Featured Creature: Pigeon

Featured Creature: Pigeon

What often-overlooked creature is an expert navigator, an impressive postman, and a natural mammographer?

A pigeon!

Image by Burtamus on Pixabay

While the term “pigeon” actually refers to over 300 species of bird of the family Columbidae, the animal is generally characterized by its plump body, head-bobbing strut, and gentle disposition. That, and the fact that they seem to be everywhere. Pigeons have adapted to the majority of habitats on earth, with the most impressive being the urban environment. 

Rock pigeons, also known as city pigeons or common pigeons, were first introduced to North America in the 1600s, from Europe. Since then, they have come to inhabit nearly every city across the Americas.

Historical records in Mesopotamia and ancient Egypt suggest that pigeons were first domesticated around 5,000 years ago, making it nearly impossible to discern their original, wild range. Today, wild pigeons make homes of rocky cliffs or in caves, while their feral cousins nest on building ledges. 

With some of the most powerful flight muscles in the animal kingdom, pigeons are impressive fliers with the ability to take off almost vertically and avoid any in-flight obstacle. This enables them to dwell in even the busiest urban environments.

Image by Chait Goli on Pexels


Pigeons are monogamous, mating for life, and typically raise 1 to 2 chicks at a time. Their mating season is May through August in the Northern hemisphere, and co-parenting is key to the nestlings’ success. Dad usually takes the day shift while Mom takes the night watch, alternating incubation duties so the other can hunt for food or hit the McDonald’s drive thru. 

In the first four or five days after hatching, the chicks are fed “pigeon milk,” a unique secretion of a portion of the parents’ digestive system called the “crop.” This milky liquid is rich in nutrients and closely resembles that of mammals’ milk. Crop milk production is a hormonal response that begins a few days before the eggs hatch. When the chicks are around 10 days old, the milk-producing cells return to their normal dormancy and hatchlings can ease into a normal pigeon diet. (This process isn’t unique to pigeons; flamingoes and some species of penguin also produce a milk-like substance for their hatchlings.) Four to six weeks later, pigeon chicks are semi-independent, freeing the mated pair to start another brood. A couple of common pigeons can raise up to 12 chicks (six pairs of eggs) in a single mating season. 

Image by Hkyu Wu on Unsplash

Both Beauty and Brains

Due to both natural selection and human breeding, there are now over 300 species of pigeon cooing across the globe. They are all descendents of the humble rock pigeon.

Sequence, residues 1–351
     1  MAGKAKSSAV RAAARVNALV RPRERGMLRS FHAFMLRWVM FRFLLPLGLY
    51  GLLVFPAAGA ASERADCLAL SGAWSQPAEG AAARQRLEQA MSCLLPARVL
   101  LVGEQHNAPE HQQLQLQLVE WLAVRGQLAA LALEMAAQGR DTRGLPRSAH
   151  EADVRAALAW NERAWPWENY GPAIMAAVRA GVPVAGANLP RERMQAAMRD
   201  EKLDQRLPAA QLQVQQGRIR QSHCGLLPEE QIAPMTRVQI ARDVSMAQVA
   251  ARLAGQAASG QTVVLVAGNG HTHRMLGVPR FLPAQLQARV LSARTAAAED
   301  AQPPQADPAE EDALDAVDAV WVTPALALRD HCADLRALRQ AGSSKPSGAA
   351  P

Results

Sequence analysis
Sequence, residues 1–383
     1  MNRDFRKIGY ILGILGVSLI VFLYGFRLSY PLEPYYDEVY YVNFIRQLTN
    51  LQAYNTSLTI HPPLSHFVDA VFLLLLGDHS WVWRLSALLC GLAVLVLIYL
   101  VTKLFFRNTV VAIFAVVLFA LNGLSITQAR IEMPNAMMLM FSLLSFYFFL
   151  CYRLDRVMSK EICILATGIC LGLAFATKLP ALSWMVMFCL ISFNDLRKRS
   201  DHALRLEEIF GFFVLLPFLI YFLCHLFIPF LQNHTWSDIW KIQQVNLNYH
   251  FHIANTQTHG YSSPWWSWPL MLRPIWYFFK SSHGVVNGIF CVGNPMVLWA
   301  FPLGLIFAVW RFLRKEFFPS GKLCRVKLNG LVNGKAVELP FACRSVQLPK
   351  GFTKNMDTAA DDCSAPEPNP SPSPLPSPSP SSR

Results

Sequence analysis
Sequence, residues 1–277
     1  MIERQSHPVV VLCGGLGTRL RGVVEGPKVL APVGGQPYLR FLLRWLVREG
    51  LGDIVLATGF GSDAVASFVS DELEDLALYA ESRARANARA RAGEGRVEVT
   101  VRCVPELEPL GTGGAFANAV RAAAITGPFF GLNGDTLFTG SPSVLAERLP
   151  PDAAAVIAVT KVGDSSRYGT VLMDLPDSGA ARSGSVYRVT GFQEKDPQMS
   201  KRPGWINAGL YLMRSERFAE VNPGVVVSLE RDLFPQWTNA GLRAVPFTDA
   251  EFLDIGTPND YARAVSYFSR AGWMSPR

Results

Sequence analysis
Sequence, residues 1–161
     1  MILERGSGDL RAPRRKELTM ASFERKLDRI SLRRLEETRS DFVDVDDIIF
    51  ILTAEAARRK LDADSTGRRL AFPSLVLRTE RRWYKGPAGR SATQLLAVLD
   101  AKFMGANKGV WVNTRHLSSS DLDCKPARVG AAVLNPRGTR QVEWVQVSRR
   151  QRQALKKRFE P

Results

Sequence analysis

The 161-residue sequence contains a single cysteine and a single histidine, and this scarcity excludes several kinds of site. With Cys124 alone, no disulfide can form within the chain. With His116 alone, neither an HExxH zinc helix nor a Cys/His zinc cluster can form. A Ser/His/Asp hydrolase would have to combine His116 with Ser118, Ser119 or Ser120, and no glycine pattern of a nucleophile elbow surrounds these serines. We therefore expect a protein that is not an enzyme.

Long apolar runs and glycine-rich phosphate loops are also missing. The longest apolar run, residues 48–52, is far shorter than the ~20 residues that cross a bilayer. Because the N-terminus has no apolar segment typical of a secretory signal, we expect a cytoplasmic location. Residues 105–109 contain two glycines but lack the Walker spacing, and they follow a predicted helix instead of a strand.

Charles Darwin, a pigeon breeder, marveled at the beauty of evolution at work in the range of appearance and genetic expression in pigeons, calling it an analogy of what happens in nature. Many species of wild pigeon have developed flamboyant colors and crests that rival that of anyone’s favorite bird. Check out the photos below for some beautiful displays!

Crested Pigeon (Image by schneeknirschen on Pixabay)
Pigeon in Budapest (Image by Charles on Pixabay)
Doves are biologically identical to common pigeons 
(Image by StockSnap on Pixabay)

Pigeons are more than just looks, though. They’ve managed to take on a variety of human tasks with ease, often outperforming their human and technological counterparts. Pigeons have been carrying mail for centuries, back to ancient Roman times, and can deliver mail at speeds of up to 90 miles per hour (their average flight speed being 50-60 mph). They were even employed as military spies, with 95% of pigeons completing their missions and returning photographs of enemy operations to their side in WWI. The key to their impressive performance is their ability to tap into earth’s magnetic field.

They can also read the position of the sun, and have a keen sense of sight and smell. Their acute eyesight also makes them, unexpectedly, great mammographers. Pigeons can diagnose breast cancer in human patients with an accuracy on par with human radiologists reviewing the same cases.

So maybe the next time you hear someone refer to pigeons as “sky rats,” take a moment to share about some of the brilliance behind those red eyes.


Ryan Pagois is a climate advocate and systems thinker serving as an Associate Director at Built Environment Plus, helping to drive sustainable building solutions in MA. He is passionate about urban ecology, carbon balance, and rewilding cities. He is excited to pursue a Masters of Ecological Design at the Conway School starting this fall, to explore how low-impact urban development can be our greatest climate solution and community resilience tool. He grew up in Minnesota and studied environmental policy and international relations at Boston University.

Sources and Further Reading: